Reviving buckwheat:

Due to the harsh climate, farmers in this region usually plant just one crop in the Kharif season. Krishi Vigyan Kendra, Leh revived buckwheat as a second crop in Saspol village. Buckwheat seed was provided to the farming community. A total of 73 demonstrations covering an area of 3.5 ha were laid on farmers' fields. The corresponding yield in these demonstration plots was 12.30 quintals per hectare. Buckwheat is a very remunerative crop and is sold in the market at more than Rs 100 per kilogram. It also does not require any chemical fertilisers as it uses the residual nutrients of the preceding crop. KVK, Leh after reviving this remunerative crop is planning to expand the area under buckwheat cultivation in other villages and explore value addition.


Vermicomposting is one of the cheapest methods of recycling biodegradable waste into useful produce. It is organic, more nutritious, has higher amounts of microorganisms, enzymes and growth hormones that improve the soil and plant health, and reduces the use of harmful plant protection chemicals. Farmers in Ladakh are now adopting vermicomposting as a technology to produce chemical-free fertiliser. Under the Tribal Sub Plan around 130 vermicompost units with good quality earthworms were provided to farmers in different villages. The women farmers have adopted this technology rather seriously. They are producing their own compost and using it as a substitute to costly chemical fertilisers. Vermicomposting can also be a viable cottage industry. There can be at least one community vermicomposting unit operated as a cooperative to support economically weaker, marginal and small farmers.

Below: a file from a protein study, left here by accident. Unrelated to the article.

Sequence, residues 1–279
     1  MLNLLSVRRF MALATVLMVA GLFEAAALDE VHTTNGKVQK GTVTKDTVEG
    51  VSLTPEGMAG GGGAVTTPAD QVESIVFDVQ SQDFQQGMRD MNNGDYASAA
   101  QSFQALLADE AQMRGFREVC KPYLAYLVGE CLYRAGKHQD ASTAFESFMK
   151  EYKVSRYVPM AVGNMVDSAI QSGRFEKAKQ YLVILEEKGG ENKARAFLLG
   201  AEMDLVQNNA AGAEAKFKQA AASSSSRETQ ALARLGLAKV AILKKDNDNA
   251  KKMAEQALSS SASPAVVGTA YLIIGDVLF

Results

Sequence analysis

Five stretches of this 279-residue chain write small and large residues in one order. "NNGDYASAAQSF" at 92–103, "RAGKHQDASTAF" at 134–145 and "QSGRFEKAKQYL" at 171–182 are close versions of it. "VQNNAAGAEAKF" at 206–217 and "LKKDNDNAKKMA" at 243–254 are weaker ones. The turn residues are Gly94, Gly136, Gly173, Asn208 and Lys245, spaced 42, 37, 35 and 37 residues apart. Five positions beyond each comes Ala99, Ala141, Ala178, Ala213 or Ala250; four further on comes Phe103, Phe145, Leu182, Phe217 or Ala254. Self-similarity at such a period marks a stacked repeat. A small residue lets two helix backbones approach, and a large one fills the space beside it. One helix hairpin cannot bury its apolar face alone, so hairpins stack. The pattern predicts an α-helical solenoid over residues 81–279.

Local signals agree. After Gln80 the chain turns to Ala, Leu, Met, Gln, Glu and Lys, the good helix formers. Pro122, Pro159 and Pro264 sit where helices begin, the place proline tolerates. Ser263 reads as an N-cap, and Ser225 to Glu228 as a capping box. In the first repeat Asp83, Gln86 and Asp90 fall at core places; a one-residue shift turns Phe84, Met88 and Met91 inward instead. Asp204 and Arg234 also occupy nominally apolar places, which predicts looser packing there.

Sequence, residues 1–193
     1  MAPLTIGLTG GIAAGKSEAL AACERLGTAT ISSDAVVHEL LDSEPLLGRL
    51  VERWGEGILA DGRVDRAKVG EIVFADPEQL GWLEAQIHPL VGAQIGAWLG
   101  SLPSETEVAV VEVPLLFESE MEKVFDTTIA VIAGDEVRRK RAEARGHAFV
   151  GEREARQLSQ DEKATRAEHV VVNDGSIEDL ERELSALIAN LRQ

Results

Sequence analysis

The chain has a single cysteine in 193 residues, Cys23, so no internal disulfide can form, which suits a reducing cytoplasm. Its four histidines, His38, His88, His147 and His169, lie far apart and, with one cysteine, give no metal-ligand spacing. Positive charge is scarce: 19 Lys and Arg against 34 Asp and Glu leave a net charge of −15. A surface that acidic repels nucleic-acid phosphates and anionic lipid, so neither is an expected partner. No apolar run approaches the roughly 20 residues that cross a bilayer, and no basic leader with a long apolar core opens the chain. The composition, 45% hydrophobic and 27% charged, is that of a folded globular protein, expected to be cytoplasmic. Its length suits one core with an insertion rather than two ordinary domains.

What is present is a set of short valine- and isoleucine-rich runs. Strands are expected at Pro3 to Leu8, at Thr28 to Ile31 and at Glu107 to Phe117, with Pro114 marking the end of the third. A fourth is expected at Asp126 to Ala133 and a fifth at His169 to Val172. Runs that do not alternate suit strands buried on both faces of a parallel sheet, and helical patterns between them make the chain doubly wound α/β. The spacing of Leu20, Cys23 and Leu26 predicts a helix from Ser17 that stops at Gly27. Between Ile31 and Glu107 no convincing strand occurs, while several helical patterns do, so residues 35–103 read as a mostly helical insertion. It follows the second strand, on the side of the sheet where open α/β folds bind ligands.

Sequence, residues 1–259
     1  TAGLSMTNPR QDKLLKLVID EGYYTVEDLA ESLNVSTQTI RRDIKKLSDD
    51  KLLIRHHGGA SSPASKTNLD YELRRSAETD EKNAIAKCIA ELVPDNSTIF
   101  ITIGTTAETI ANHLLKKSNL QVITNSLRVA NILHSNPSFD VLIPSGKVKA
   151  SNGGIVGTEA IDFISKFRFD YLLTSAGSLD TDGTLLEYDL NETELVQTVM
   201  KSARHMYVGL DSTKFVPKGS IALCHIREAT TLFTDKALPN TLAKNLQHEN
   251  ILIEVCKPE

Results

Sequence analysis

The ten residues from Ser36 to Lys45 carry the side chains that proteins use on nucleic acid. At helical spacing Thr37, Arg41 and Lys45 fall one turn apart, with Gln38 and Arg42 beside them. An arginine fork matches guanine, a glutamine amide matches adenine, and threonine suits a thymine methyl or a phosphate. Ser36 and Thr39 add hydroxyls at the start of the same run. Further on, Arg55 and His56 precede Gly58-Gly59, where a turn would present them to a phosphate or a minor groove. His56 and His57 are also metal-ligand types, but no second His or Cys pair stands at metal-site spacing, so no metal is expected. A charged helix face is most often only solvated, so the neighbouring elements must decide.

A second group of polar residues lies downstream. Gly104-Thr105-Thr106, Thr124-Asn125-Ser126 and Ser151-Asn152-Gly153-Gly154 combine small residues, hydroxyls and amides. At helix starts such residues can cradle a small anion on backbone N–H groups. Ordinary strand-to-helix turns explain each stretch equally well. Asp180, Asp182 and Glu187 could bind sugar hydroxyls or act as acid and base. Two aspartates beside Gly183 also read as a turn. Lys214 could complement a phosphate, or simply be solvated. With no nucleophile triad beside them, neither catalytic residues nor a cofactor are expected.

Mushroom production:

Mushroom production is another enterprise that has the potential to double farmers' income, ensure nutritional security, and contribute to the shift towards organic farming. This is because the substrate for growing mushroom is made from organic materials. Krishi Vigyan Kendra, Leh has also popularised mushroom production technology in different villages by distributing free spawn to farmers along with necessary training. The first spawn production laboratory has been established at KVK, Leh. This lab also caters to the spawn requirement of line departments. In addition to consuming the mushroom themselves, farmers are also selling their produce in the market. This has improved their nutritional security and increased their income.

Medicinal plants:

Ladakh is a rich repository of medicinal and aromatic plants. It is estimated that the region has around 1,100 species of vascular plants and ferns. As many as 23 species of flowering plants are endemic to Ladakh. The region also has many plants with therapeutic properties that remain unexplored and untapped. Many plants like Pushkarmool, Datura, Seabuckthorn, Cokhwine and Pudina can be cultivated commercially to increase the income of farmers.

Organic certification:

Organic products have worth only when they are organically cer¬tified. Organic certification is a daunting task. Concerned agen¬cies need to work out a suitable strategy and plan well in advance to achieve this objective. LAH¬DC, Leh has already done some work in this direction and signed a memorandum with Sikkim, which is India's first organic state. Officials in Ladakh are already on the job. They went on a tour to Sikkim to gain knowledge and insight about different aspects of organic cultivation.


Marketing of farm produce is also important. Farmers will ultimately give up the practice of organic farming if their produce is not marketed. As organic products are relatively costlier, strategies need to be devised to market the produce at local, national, and international level. For instance, there can be a push to supply organic produce to hotels and restaurants in Ladakh.


Since Ladakh remains disconnected from the rest of country for five to six months each year, produce will have to be transported to distant places. It is thus necessary to develop suitable facilities to process the produce to elongate their nutrient value.

In our opinion, the path to achieving mission 2025 goes through mission 2022. Mission 2022 aims to double farmers' income and includes many components that can help make the region organic. This will require more awareness about various programmes being launched by the government. On their part, the implementing agencies must ensure that programmes are being implemented in their letter and spirit.